Thursday May 20th Went to Bridgewater quite early this
morning and did not get back until
after four Oclock Bought an oilcloth
carpet for the dining room, Straw carpet
for O Angiers chamber and engaged some
husk mattress Called into Edwins after
I returned Have a bad head ache. Very pleasant
Today’s shopping objective: new floor coverings for the dining room and a bedroom, as well as “some husk mattress.” At least one of the mattresses of the house was due to be restuffed or entirely made over.
By the mid-nineteenth century, mattresses were stuffed with various materials, including cotton batting, wool, horsehair or corn husks. As they had been for centuries, mattresses were placed within a wooden bed frame and set atop a latticed support of rope or leather or wire. The box-spring that we use today would come along a few decades later.
It’s a little curious that Evelina “engaged some husk” for a mattress, when she could have selected cotton or something finer, like down. Feathers would have required poultry, however, which the Ameses didn’t keep, and were expensive to purchase. The husks, probably harvested the previous fall from a corn harvest and dried over the winter, would have been less expensive.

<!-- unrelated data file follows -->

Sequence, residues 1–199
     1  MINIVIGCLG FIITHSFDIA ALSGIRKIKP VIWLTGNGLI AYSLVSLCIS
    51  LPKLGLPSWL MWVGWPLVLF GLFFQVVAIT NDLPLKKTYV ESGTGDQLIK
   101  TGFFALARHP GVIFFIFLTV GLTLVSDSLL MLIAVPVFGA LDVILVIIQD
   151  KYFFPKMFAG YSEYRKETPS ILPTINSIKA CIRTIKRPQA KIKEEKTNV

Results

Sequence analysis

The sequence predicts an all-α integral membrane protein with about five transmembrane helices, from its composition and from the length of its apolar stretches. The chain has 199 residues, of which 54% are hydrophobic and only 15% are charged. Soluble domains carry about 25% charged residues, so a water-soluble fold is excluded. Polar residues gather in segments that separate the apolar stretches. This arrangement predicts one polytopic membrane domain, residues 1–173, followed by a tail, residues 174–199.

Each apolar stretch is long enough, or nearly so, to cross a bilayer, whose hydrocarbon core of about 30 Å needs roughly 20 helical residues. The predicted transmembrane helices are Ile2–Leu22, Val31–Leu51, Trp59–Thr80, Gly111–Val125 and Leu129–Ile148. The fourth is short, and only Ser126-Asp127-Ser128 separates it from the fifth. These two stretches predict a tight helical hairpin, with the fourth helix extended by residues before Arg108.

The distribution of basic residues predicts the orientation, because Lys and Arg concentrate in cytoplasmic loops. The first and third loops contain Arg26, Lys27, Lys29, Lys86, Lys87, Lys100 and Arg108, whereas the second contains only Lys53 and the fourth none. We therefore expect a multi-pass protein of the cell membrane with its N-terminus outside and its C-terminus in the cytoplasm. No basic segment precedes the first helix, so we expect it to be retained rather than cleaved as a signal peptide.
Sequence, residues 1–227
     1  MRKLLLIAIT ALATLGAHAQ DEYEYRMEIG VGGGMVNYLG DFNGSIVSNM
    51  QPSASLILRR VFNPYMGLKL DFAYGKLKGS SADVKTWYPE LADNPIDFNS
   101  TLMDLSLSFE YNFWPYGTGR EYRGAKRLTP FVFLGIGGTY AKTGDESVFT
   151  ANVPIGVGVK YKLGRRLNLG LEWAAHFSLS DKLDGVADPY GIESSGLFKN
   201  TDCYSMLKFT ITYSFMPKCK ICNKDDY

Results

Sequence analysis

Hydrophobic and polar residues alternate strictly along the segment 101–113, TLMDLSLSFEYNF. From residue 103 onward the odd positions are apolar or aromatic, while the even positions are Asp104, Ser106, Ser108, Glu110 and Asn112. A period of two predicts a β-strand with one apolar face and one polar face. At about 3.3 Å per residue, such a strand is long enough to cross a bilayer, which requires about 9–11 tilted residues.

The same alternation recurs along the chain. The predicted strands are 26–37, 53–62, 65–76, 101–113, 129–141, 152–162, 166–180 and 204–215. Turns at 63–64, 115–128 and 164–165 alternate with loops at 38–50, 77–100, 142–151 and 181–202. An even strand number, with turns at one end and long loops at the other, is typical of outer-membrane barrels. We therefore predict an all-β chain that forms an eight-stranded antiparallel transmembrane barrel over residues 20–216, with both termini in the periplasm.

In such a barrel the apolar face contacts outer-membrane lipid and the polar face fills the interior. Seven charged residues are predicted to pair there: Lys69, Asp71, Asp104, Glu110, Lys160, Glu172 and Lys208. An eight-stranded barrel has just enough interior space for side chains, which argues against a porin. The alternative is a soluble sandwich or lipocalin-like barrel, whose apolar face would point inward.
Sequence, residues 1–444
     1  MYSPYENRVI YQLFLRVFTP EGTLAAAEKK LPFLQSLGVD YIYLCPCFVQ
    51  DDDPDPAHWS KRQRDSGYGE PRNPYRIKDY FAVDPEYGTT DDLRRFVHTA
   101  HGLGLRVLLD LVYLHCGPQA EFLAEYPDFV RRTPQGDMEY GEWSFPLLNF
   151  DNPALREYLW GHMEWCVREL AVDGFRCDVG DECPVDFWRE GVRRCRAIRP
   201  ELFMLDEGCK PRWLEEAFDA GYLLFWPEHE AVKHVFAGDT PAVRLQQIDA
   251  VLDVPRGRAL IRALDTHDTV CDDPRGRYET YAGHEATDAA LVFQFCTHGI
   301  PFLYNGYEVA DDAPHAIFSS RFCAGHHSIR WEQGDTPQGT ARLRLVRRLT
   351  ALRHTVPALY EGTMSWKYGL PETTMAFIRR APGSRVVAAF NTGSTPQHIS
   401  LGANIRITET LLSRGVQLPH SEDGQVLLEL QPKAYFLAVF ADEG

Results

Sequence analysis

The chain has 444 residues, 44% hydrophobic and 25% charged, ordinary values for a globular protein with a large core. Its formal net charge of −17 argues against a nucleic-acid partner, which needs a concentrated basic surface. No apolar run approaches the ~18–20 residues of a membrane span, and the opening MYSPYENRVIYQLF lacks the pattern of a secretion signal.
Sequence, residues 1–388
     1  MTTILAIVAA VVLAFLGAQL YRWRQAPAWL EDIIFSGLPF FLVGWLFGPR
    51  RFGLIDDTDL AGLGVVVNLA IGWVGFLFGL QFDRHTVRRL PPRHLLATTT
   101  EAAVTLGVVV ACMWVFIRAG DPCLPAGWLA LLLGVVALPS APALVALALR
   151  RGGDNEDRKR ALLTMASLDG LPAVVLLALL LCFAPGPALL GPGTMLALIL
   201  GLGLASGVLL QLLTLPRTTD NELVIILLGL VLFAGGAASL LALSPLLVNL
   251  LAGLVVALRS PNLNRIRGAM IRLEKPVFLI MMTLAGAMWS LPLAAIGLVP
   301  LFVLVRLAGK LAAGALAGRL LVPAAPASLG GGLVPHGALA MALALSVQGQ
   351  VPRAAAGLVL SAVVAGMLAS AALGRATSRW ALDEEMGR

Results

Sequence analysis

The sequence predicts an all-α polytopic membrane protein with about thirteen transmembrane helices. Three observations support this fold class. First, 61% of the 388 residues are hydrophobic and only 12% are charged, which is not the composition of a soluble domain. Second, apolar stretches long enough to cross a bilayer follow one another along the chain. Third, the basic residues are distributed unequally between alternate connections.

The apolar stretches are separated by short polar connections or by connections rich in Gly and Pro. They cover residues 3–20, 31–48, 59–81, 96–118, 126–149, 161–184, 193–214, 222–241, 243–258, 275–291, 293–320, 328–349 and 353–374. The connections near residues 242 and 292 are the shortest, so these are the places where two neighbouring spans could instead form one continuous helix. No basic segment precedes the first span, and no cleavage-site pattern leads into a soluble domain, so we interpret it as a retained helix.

By the end of the day, Evelina had a headache. Perhaps her long day of shopping or a bumpy ride to and from Bridgewater set her off. With so much time spent outside, a high pollen count could have been the culprit, too, and might also account for Susie Ames’s recent nose bleeds.
2 thoughts on “May 20, 1852”
I am happy to say, I **think** I am happy to say, I have slept on a husk mattress. In the early 1960s those were the mattresses I encountered in Zaragoza, Spain. Happier to say now, 2015, mattresses were fabulous, there were even sheets on the beds, plumbing all worked, TP in the bathrooms instead of bits of newspaper, if you were so lucky, and plumbing designs, for showers especially, rivaled those of the USA.
Love it! Thanks, Caroline.